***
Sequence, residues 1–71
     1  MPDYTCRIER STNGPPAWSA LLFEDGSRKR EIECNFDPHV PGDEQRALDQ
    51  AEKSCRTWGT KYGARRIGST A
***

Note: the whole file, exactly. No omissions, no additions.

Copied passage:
Sequence, residues 1–71
     1  MPDYTCRIER STNGPPAWSA LLFEDGSRKR EIECNFDPHV PGDEQRALDQ
    51  AEKSCRTWGT KYGARRIGST A